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Book Reviews Martha C. Nussbaum, The Fragility of Goodness: Luck and Ethics in Greek Tragedy and Philosophy. Cambridge: Cambridge University Press, 1986. Pp. xvii + 544. $19-95. The Fragility of Goodness is an important book. Throughout this massive work, whose three major divisions concern tragedy, Plato, and Aristotle, Martha Nussbaum explores one central question: to what extent is a good human life vulnerable to the contingencies of the external (and internal) world? Correspondingly, to what extent can human reason protect life from the vulnerability brought upon it by such contingency? Nussbaum's work has much to commend it. She shows, first and foremost, how classical Greek texts can be as powerfully informative of our lives today as ever before. Her book is a model of how these texts can be extracted from the hands of the specialist and made accessible to the general reader without loss of scholarly rigor. Her work should thus invigorate each of the three major subjects she treats. More specifically, Nussbaum demonstrates the significance of classical tragedy for ethical thought. Through her reading of the Agamemnon, Antigone, and Hecuba, she carefully shows that the vision of a tragic world is a coherent one rich in philosophical significance. She forces us to ask whether, almost paradoxically, we might not find in our tragic vulnerability to a world beyond our rational control the true source of human beauty and goodness. Nussbaum is superb on Artistotle. By this I do not mean she is simply helpful as she reads texts such as the Poetics..Helpful here she surely is; but her real achievement is to reveal more comprehensively what kind of thinker Aristotle is. For Nussbaum, he is the exquisitely sensitive observer, and protector, of appearances. He is the ultimate phenomenologist, a "professional human being" (~6 l) who can "show us the way back to the ordinary and.., make it an object of interest and pleasure" (~6o). Her commentary here is informed by love; she reads Aristotle as a living teacher, and not simply as the venerable inventor of logic. The Fragility of Goodness has a straightforward thesis. Greek tragedy discloses a conception of human life as vulnerable, necessarily precarious, and beautiful. It is a conception Nussbaum thinks is probably true. In his early and middle dialogues Plato attacks the tragic view. He proposes a practical techn~,a systematic mode of knowledge which would eliminate from life the ravages of tych~ (chance), the passions, and the body. In his later works, chiefly the Phaedrus, Plato modifies this theoretical optimism. Nevertheless, throughout her book Nussbaum refers to the Platonic view as her, and tragedy's, opponent. In contrast, Aristotle affirms tragedy. He "gives it a place of [309] 31o JOURNAL OF THE HISTORY OF PHILOSOPHY 26:2 APRIL 1988 honor, attributing to it both motivational and cognitive value" (378). Aristotle provides an "explicit theoretical articulation" (297) of tragedy's truth. In itself, this is not a novel thesis. Nietzsche proclaimed the fundamental antipathy between tragedy and Platonism, and more recently Pierre Aubenque has argued that Aristotle represents a welcome return to the tragic origins of Greek culture. (His La Prudence chez Aristotle is missing from her bibliography.) It is in its great detail, sensitive exegesis, and acknowledgement of complexity that we find the contribution of Nussbaum's work. She forces us to read seriously particular texts and not simply repeat vague characterizations. Her reading of these particular texts will be criticized by specialists. For example, her evaluation of the moral status of Agamemnon will be questioned as will her translation and textual criticism of Agamemnon 214-17. (See page 35 and her lengthy footnote on this passage. The issue is who or what is the subject of epithumein [line 216], an important question in coming to terms with Agamemnon himself.) Nussbaum will be accused of too superficial a reading of Hegel's interpretation of Antigone and of transforming Kant into a straw man. Her understanding of the "measuring techn~" proposed by Socrates in the Protagoras will (rightly) be attacked as a failure to appreciate the dramatic and ironic dimensions of this dialogue. Her (tentative) proposal that Plato's reappraisal of eros and the passions in the Phaedrus was caused by...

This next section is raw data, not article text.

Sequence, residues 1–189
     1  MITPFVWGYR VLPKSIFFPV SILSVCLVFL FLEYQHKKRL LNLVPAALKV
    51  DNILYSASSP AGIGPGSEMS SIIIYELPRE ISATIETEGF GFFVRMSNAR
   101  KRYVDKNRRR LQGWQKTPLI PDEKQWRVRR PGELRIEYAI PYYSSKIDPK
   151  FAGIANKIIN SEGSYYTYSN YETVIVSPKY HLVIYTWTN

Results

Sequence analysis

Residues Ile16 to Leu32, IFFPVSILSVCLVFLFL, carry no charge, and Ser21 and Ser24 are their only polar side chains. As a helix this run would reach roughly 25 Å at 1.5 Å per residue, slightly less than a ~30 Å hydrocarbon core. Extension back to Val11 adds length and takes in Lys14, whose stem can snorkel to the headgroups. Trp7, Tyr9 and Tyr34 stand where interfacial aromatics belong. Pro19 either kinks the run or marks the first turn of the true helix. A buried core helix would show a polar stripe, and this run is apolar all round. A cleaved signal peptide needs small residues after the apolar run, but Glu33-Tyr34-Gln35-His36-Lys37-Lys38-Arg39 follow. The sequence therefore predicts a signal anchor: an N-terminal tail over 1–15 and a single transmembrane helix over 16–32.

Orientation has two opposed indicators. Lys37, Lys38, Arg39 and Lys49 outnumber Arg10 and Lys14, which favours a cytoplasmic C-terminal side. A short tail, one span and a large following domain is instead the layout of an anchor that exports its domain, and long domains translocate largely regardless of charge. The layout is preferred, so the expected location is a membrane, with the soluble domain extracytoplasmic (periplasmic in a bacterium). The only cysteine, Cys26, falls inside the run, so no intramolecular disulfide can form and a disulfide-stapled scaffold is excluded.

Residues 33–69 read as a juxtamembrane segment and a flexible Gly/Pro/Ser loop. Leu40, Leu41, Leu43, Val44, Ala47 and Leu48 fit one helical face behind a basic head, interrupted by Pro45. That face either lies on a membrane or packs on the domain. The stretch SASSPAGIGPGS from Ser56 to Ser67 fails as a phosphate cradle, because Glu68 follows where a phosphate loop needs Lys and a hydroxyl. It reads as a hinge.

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pp. 309-311
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